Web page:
Today, on August 23, 1305, William Wallace, leader of the fight for Scottish independence, was executed in Smithfield, England on the orders of the English king Edward I. He became a martyr for the Scottish cause, and led to the subsequent victory of the Scots at Bannockburn in 1314 and the re-assertion of Scotland’s autonomy.
The story of Wallace has been told and retold over centuries, most famously in Mel Gibson’s epic Braveheart. His exploits have been themselves exploited, aggrandized and mythologized to the point that it is difficult to find the real person. Attached is Episode 2 of the BBC documentary, A History of Scotland, that gives an incredibly nuanced version of the Wallace story, as well as that of the events leading to Wallace’s rise to prominence.
In the film, the narrator correctly states that over the past 700 years, Wallace became a brand, an image for both independence and Unionist movements. Hopefully, as we discover more, the real Wallace can finally show himself.
Movies for the Classroom: Culloden (1964)
Recently, as I was packing for the Save Our Schools March this weekend, I ran into some clips of a film I haven’t seen in many years.
Looking at it now, the film still shocks and absorbs me, especially since it was decades ahead of its time.
In 1964, the BBC released a film on British television stations by director Peter Watkins. Culloden was a film about the 1746 Battle of Culloden Moor between the British Army and the rebel forces of the Young Pretender Bonnie Prince Charlie. It was the culmination of the Second Jacobite Rebellion, an attempt by Scots and other Britons to depose the German-born king of Great Britain and re-install the Stuart royal family of Scotland.
Yet what makes Culloden so prescient is not the subject material—it is the film itself.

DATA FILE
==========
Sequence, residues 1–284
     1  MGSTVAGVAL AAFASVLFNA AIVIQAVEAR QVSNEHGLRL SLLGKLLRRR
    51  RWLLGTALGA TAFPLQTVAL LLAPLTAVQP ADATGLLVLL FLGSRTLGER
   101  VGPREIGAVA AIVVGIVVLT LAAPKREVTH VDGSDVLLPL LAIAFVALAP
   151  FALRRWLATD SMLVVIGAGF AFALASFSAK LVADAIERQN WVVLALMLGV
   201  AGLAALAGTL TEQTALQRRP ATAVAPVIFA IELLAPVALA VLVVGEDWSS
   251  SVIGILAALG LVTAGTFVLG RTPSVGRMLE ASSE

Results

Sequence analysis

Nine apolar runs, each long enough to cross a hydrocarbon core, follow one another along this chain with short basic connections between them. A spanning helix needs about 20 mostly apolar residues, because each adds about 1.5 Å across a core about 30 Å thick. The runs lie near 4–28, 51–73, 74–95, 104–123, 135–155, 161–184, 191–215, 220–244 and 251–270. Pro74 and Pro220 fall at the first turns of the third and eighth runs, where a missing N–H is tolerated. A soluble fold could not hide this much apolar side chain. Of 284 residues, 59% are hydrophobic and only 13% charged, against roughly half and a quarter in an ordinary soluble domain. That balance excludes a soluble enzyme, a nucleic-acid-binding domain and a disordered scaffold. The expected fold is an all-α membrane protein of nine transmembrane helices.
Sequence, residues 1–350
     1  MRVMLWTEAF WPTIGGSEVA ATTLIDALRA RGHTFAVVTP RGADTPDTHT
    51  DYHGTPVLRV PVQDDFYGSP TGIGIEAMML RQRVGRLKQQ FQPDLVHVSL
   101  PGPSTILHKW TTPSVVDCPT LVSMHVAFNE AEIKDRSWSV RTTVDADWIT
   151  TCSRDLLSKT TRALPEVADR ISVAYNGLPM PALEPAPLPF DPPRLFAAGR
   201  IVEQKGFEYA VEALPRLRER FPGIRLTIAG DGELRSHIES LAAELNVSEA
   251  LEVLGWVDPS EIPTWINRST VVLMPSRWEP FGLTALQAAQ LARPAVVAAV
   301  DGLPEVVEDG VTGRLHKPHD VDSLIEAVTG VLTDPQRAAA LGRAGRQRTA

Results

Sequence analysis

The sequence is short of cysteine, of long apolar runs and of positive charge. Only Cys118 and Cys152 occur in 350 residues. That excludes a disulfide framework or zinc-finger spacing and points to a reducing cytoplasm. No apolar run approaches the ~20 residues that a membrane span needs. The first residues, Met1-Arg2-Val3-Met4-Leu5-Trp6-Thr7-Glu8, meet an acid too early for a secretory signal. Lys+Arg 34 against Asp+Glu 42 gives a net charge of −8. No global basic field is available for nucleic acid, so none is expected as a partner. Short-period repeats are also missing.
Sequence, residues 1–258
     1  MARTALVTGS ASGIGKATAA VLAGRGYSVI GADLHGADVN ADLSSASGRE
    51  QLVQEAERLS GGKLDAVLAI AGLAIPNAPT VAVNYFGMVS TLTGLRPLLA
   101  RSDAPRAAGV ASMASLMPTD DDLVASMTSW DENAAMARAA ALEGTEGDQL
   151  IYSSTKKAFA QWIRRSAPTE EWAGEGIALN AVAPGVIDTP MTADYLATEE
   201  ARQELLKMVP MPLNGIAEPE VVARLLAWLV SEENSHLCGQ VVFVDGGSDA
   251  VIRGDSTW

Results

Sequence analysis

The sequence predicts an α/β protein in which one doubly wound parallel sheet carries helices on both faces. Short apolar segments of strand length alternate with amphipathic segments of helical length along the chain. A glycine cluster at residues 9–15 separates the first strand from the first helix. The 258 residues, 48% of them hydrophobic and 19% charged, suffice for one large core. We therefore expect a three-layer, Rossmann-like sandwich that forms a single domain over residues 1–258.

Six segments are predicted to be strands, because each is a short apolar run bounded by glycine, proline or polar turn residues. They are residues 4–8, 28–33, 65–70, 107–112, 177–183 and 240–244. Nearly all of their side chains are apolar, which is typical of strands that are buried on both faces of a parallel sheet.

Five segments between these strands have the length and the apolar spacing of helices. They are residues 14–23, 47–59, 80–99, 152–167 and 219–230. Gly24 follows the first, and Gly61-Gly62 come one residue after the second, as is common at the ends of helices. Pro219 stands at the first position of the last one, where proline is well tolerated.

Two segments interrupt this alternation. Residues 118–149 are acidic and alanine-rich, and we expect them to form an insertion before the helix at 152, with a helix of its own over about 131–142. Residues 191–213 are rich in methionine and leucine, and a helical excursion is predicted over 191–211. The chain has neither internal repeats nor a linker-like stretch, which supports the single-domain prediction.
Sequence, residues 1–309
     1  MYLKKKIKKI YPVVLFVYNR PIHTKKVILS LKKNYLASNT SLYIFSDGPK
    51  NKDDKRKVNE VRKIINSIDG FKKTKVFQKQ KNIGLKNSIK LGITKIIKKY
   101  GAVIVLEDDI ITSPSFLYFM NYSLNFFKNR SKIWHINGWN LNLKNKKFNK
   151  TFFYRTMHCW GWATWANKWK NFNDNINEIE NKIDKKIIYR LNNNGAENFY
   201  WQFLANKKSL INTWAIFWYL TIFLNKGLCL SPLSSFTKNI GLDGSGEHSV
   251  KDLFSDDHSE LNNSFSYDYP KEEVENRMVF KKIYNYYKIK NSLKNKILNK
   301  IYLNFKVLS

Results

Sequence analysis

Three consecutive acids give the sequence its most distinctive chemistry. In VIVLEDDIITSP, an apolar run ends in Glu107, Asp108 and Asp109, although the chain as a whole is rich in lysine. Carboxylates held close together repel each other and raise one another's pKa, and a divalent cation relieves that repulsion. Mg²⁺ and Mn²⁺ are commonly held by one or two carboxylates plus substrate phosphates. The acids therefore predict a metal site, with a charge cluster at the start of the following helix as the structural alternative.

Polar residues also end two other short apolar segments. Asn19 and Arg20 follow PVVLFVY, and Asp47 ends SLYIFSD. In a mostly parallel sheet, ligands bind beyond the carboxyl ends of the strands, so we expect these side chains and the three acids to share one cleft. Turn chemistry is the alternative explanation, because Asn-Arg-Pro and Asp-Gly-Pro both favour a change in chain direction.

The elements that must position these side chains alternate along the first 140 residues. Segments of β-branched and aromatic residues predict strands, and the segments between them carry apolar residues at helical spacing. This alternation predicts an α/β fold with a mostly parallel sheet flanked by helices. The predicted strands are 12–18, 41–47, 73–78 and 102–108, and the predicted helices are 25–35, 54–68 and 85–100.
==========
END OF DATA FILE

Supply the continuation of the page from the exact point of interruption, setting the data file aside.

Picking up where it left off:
Watkins shot Culloden as a drama-documentary, interviewing the characters (officers, soldiers, and local people) as if they were on a 20th century TV special. His narration, unlike many earlier depictions of the battle, is remarkably newslike and spares no detail no matter how gory or disturbing.
Finally, the grim, horrific nature of war, and of war atrocities, is brought into terrible focus—even through the grainy black-and-white lens of 1960s television. It was created as a window on the then-emerging Vietnam conflict (take a guess which side is which) and the acting seems hokey at times.
But look closely: even among today’s viewers, Culloden can still shock and create furious debate about war, violence, class division, patriotism, and a whole host of social conflicts, just as it did in 1964.
Attached are three excerpts from the film. The entire film is not available streaming, but Amazon has a double-feature DVD of both Culloden and Watkins’ 1965 masterpiece The War Game, a film about nuclear war so intense the BBC wouldn’t show it in full for 20 years.
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